You often need programs that continuously run in the background. For example, an email server is expected to continuously listen on a network port for incoming email messages, a print spooler is expected to continuously listen for print requests , and so on.
Most operating systems provide a way to create such long-running background tasks . In fact, operating systems themselves run a variety of background processes critical for their functionality. In Unix, the background tasks are called daemons. In Windows NT, the background tasks are called NT services, whereas in the Window 2000, XP, and Windows .NET operating systems, the background tasks are called Windows services.
Although Windows services are created as normal executable files, they have at least two distinct characteristics:
Windows services must conform to the interface of the Service Control Manager (SCM). The SCM is a part of the Windows operating system responsible for managing Windows services.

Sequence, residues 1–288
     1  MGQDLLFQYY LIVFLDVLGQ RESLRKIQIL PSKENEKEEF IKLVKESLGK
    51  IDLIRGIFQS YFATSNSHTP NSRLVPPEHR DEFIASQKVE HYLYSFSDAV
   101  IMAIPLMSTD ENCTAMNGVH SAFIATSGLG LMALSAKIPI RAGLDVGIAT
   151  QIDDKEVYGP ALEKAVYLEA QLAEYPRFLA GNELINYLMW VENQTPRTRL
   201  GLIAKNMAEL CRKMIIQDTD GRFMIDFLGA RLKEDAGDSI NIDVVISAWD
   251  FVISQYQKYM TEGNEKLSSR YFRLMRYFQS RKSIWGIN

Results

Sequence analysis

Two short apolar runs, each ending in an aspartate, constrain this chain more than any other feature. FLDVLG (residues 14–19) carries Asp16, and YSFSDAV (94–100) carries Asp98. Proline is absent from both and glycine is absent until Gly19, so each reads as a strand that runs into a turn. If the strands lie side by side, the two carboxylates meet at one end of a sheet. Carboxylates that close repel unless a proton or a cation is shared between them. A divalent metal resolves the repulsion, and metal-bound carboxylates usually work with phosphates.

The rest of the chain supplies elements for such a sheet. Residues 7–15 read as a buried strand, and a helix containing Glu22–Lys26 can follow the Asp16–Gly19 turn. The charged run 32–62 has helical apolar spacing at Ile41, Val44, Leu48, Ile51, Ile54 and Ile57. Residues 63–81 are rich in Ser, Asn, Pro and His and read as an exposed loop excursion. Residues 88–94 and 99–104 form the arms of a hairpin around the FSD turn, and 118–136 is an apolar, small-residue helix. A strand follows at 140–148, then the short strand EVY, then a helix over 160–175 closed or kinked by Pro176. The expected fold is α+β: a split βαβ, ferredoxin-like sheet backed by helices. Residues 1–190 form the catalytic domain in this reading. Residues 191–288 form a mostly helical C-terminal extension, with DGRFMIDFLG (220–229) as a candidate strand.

Windows services must be installed in the Windows service database before they can be used.
In this chapter, you'll use the .NET Framework class libraries to develop the following skills that will help you to create your own Windows services:
Creating a Windows service that conforms to the interface of Windows Service Control Manager (SCM).
Creating an installer class that is capable of installing a Windows service to the Windows service database.
Using the Installer tool (installutil.exe) to install and uninstall a Windows service in the Windows service database.
Connecting to a Windows service and issuing commands such as start, stop, pause, and continue.
Querying a Windows service to retrieve its status.